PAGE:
This basic pattern has been used in Freemasonry since at least the 17th century for its ceremonies (Stevenson 153-154). It has subsequently been adopted by other fraternal orders. Examples of this type of ritual can be found in the Entered Apprentice degree of Freemasonry in Duncan’s Masonic Ritual and Monitor on pages 7-47 and in the Neophyte ritual of the Golden Dawn in Fuller, Vol. I on pages 1-32. The primary difference in the Golden Dawn’s initiation rituals from those of others organizations was that their rituals followed a specific and cohesive body of symbolism drawn from Cabala and this symbolism was then used to provide the basis for all of the ritual activities engaged in by members of the order in their studies and, later, spiritual practices.
The Golden Dawn Within Western Esotericism
How does the Golden Dawn fit into the definition of western esotericism that Faivre, Hanegraaff and others use in practice? In Faivre’s definition as discussed in Chapter Two, there are four features that are necessary for a tradition or activity to be categorized as part of western esotericism. These features are: (1) Correspondences; (2) Living Nature; (3) Imagination and Mediations; (4) The Experience of Transmutation. Additionally, there are the two non-essential features, The Praxis of the Concordance and Transmission (Faivre, Access 10-14). The work of the Golden Dawn can be examined for these features to show how the Golden Dawn’s practices fit into the framework of this definition.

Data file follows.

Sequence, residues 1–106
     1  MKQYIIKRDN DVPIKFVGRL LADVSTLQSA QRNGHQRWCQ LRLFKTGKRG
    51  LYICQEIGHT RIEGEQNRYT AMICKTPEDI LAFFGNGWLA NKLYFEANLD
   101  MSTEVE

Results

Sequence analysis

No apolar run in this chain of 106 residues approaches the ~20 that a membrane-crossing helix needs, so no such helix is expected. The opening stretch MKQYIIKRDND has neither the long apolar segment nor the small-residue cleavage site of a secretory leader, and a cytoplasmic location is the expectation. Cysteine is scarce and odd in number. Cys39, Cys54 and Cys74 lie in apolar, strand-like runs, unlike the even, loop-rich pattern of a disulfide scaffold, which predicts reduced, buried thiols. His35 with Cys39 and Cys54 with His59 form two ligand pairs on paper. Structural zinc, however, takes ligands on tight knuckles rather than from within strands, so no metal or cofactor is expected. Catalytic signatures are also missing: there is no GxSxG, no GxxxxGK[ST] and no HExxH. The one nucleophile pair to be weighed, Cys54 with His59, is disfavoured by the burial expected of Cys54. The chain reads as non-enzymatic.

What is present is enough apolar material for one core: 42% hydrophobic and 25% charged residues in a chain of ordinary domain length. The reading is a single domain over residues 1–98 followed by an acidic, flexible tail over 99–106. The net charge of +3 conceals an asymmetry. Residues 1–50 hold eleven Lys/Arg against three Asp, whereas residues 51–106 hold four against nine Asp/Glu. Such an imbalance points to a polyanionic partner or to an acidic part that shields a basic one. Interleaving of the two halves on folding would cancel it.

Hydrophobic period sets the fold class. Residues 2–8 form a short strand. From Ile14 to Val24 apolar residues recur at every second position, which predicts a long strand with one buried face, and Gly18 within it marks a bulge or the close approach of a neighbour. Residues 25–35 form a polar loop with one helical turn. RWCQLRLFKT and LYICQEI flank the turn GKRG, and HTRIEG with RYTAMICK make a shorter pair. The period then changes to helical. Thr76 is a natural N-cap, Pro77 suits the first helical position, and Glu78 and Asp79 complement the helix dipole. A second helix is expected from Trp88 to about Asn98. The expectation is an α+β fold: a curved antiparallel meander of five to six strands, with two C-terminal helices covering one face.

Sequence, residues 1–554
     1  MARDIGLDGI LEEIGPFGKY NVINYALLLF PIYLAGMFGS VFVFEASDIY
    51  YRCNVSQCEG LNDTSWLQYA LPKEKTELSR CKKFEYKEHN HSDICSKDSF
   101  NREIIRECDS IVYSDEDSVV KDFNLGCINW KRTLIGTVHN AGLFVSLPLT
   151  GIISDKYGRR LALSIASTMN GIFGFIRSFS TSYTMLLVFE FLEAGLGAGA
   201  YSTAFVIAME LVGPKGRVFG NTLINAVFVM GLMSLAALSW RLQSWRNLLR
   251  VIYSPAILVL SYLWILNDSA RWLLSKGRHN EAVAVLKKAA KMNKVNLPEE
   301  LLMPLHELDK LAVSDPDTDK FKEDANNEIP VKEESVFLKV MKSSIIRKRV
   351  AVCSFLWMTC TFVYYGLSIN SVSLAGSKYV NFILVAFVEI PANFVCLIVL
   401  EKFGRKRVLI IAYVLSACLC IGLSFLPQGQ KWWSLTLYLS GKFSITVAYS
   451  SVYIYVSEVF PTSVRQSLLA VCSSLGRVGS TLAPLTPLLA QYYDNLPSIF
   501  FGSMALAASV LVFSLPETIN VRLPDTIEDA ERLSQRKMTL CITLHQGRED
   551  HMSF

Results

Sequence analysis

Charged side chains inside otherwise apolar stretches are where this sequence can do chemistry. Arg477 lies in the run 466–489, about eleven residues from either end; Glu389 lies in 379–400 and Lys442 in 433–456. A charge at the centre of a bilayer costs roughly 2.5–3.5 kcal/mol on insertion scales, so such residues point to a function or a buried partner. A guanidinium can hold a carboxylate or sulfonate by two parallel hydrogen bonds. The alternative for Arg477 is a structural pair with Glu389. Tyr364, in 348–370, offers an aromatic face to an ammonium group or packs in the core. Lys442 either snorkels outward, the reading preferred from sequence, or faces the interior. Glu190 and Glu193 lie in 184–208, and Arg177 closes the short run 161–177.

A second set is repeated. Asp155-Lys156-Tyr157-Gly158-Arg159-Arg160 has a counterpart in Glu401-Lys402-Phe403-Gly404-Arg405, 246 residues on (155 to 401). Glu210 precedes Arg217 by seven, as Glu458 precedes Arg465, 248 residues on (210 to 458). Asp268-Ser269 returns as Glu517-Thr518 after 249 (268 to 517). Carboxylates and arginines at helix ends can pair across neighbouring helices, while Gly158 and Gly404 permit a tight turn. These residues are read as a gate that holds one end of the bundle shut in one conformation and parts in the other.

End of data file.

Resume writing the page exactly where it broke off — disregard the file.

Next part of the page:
Both the initiation of a member into the Golden Dawn as a Neophyte and the various rituals practiced by its members (such as evocation, talisman creation, divination, alchemy and spiritual development) follow the same pattern as envisioned by MacGregor Mathers. The Z2 paper written by him abstracts this pattern into a formula that tallies or notes the symbolic events that occur during the Neophyte initiation in a list that outlines the entire ritual and its activities. Mathers then shows how the same formula can be applied to other ritual activities by mapping the elements of these activities to correspond with those within the Neophyte ritual (see Fuller, Vol. II 149-201 for the examples).